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  • 1 MTA-SE Cardiovascular Imaging Research Group, Heart and Vascular Center, Semmelweis University, Budapest, Hungary

Abstract

Combined anatomical and functional evaluation of coronary artery disease (CAD) using computed tomography (CT) has recently emerged as an accurate, robust, and non-invasive tool for the evaluation of ischemic heart disease. Cardiac CT has become a one-stop-shop imaging modality that allows the simultaneous depiction, characterization, and quantification of coronary atherosclerosis and the assessment of myocardial ischemia. Advancements in scanner technology (improvements in spatial and temporal resolution, dual-energy imaging, wide detector panels) and the implementation of iterative reconstruction algorithms enables the detection of myocardial ischemia in both qualitative and quantitative fashion using low-dose scanning protocols. The addition of CT perfusion (CTP) to standard coronary CT angiography is a reliable tool to improve diagnostic accuracy. CTP using static first-pass imaging enables qualitative assessment of the myocardial tissue, whereas dynamic perfusion imaging can also provide quantitative information on myocardial blood flow. Myocardial tissue assessment by CTP holds the potential to refine risk in stable chest pain or microvascular dysfunction. CTP can aid the detection of residual ischemia after coronary intervention. Comprehensive evaluation of CAD using CTP might therefore improve the selection of patients for aggressive secondary prevention therapy or coronary revascularization with high diagnostic certainty. In addition, prognostic information provided by perfusion CT imaging could improve patient outcomes by quantifying the ischemic burden of the left ventricle. The current review focuses on the clinical value of myocardial perfusion imaging by CT, current status of CTP imaging and the use of myocardial CTP in various patient populations for the diagnosis of ischemic heart disease.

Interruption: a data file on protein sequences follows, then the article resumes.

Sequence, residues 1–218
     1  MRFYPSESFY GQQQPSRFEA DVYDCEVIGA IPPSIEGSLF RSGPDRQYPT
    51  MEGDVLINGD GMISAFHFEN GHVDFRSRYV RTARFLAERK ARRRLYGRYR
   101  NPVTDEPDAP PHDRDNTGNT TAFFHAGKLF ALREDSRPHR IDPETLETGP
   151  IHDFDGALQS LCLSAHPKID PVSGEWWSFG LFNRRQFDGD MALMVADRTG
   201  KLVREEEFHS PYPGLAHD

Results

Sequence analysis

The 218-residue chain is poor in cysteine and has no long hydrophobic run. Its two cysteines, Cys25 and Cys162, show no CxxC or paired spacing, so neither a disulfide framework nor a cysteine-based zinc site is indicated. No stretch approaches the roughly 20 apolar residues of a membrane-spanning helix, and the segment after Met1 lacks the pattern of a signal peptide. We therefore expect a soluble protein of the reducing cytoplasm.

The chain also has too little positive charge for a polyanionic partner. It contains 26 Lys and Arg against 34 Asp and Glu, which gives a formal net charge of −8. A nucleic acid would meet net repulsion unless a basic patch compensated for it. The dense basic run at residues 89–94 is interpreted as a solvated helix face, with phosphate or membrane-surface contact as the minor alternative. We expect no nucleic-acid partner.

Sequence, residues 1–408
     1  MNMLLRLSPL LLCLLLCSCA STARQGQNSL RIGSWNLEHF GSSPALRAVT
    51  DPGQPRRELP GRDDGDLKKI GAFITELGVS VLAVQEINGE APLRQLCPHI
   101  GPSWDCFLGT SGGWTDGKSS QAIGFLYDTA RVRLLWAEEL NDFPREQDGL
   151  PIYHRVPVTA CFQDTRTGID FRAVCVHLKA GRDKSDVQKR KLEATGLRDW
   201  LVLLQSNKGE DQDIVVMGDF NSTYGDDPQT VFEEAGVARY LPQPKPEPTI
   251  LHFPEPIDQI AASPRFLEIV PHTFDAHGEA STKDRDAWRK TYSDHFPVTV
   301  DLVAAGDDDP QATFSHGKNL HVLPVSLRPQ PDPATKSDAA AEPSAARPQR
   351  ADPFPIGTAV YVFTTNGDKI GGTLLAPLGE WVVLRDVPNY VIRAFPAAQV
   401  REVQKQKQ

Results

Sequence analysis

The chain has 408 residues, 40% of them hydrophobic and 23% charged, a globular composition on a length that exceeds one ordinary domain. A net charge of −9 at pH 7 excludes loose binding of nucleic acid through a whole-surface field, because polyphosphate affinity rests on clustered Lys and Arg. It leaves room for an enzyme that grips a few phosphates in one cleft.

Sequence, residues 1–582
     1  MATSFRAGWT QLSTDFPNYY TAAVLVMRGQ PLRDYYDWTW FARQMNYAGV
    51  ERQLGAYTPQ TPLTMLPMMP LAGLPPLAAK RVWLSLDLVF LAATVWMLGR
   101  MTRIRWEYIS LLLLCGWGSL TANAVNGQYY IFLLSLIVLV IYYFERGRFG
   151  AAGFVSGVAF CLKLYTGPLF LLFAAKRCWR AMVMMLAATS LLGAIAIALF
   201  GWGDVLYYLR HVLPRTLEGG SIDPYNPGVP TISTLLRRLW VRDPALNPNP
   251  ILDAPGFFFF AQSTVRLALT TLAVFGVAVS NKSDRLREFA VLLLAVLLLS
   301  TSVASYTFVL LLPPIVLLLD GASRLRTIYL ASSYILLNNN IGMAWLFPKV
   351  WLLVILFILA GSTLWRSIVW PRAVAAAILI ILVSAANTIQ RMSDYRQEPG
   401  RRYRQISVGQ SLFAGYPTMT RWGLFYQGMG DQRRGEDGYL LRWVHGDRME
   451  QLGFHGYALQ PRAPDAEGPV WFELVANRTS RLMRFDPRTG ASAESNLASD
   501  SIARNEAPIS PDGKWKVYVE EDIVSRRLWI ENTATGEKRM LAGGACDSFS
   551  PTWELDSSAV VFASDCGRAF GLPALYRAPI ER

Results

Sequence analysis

Abstract

Combined anatomical and functional evaluation of coronary artery disease (CAD) using computed tomography (CT) has recently emerged as an accurate, robust, and non-invasive tool for the evaluation of ischemic heart disease. Cardiac CT has become a one-stop-shop imaging modality that allows the simultaneous depiction, characterization, and quantification of coronary atherosclerosis and the assessment of myocardial ischemia. Advancements in scanner technology (improvements in spatial and temporal resolution, dual-energy imaging, wide detector panels) and the implementation of iterative reconstruction algorithms enables the detection of myocardial ischemia in both qualitative and quantitative fashion using low-dose scanning protocols. The addition of CT perfusion (CTP) to standard coronary CT angiography is a reliable tool to improve diagnostic accuracy. CTP using static first-pass imaging enables qualitative assessment of the myocardial tissue, whereas dynamic perfusion imaging can also provide quantitative information on myocardial blood flow. Myocardial tissue assessment by CTP holds the potential to refine risk in stable chest pain or microvascular dysfunction. CTP can aid the detection of residual ischemia after coronary intervention. Comprehensive evaluation of CAD using CTP might therefore improve the selection of patients for aggressive secondary prevention therapy or coronary revascularization with high diagnostic certainty. In addition, prognostic information provided by perfusion CT imaging could improve patient outcomes by quantifying the ischemic burden of the left ventricle. The current review focuses on the clinical value of myocardial perfusion imaging by CT, current status of CTP imaging and the use of myocardial CTP in various patient populations for the diagnosis of ischemic heart disease.